Show(s) Me The Money!

All good stuff – the problems start when you figure out what’s necessary to make it happen. The first and most important stumbling block is the requirement for a neutral organising body – normally a professional trade organisation of some kind. To date, the audio industry has, nationally or internationally, proved utterly incapable of establishing any such body. It’s no coincidence that the nearest thing is the German Hi-End Society, a group of major players (manufacturers and distributors) set up decades ago to establish the Frankfurt show. The nature of the group means that, although it has to operate with some consensus, it’s also far from commercially neutral. Thus, when the show was forced to leave its Frankfurt location after the hotel finally got fed up with the disruption caused (a particularly wet May was the final straw, with exhibitors intent on a rapid exit driving across the manicured lawns to avoid the lifts and instead access the many pedestrian exits from the sprawling complex) the Society also took the opportunity to change the rules. In Frankfurt, the show’s actual organiser – employed by the Society for that purpose – had always insisted on rotating access to the limited number of large rooms. That didn’t go over well with the heavy-hitting organisers. In Munich it’s a case of dead man’s shoes. You take a room one year, you get first option on it the next, an arrangement that keeps those companies with plum locations firmly in place, while also serving to strangle up-and-coming exhibitors trying to expand. On the one hand, the existence of a stable, core organising group has enabled the German show to survive and flourish. On the other, it still isn’t what you’d call a level playing field – although realistically speaking, it’s about as close as we’re going to get.

By now, you might well be wondering why all this matters and what it has to do with you? The hi-fi industry is not a self-perpetuating organism. It’s shrinking. In some market sectors/price brackets, it’s almost ceased to exist. If it is going to survive and if you want continued access to the equipment and services it offers, then it needs to attract more customers and new customers. Shows are (or should/could be) a big part of that effort. Besides which, they’re fun. It’s great to see familiar faces, it’s great for customers to get up close and personal with new equipment and the people who design and build it. Who doesn’t enjoy the opportunity to talk turkey with the guys that built your pride and joy? But most of all, shows should be an almost quasi-religious experience. They’re not about choosing equipment: They’re about confirming or reaffirming ones interest and faith in the pursuit itself. Better systems deliver better sound and more music – and that difference matters…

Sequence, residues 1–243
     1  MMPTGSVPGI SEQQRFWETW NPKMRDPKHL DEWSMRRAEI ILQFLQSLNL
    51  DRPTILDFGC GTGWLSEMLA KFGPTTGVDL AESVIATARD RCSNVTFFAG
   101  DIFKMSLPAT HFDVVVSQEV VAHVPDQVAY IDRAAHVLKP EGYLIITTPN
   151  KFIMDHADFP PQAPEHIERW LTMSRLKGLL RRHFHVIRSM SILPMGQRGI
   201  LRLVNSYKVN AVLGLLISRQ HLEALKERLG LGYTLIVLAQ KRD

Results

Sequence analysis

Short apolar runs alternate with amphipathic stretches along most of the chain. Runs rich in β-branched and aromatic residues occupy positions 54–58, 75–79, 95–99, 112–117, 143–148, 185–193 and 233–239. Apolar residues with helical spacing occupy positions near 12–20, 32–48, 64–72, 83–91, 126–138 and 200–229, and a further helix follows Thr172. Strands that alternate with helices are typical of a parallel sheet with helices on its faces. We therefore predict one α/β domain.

Which is where this train well and truly leaves the tracks!

As much as show organisers, exhibitors and visitors want to experience great sound, the cold hard truth is that shows consistently fail to meet that expectation. I keep saying it, but the only justification for the prices charged for high-end audio equipment is the performance – the MUSICAL performance – that it delivers. We don’t wear it, it doesn’t make us look good and, for the most part, we are the only people it really impresses. If audio shows are going to perform their fundamental function, they need to deliver decent sound quality. They need to show newbies what’s possible and they need to convince the already committed that there’s still some way they can go. The problem is – they don’t succeed on either count. Even a massive show like Munich is bedevilled by mediocre sound that most of us wouldn’t (or shouldn’t) put up with at home. There are a whole host of reasons that most show systems sound so bad, from lousy AC and an RFI polluted environment, to hopelessly crowded (or empty) rooms and noisy lights, air-con or neighbours. But it’s also impossible to ignore the fact that a small number of companies consistently produce great results, irrespective of the venue or the exact system they’re using. The simple fact is, they try that much harder, on every level, from selecting system components to actual system set-up. But whether bad sound is down to a poor situation a poor system or the laziness or inability of the people who set it up, it’s not a good look. Walk the corridors at any show, tot up the price-tags and the inevitable question soon becomes, “Is this REALLY as good as it gets?”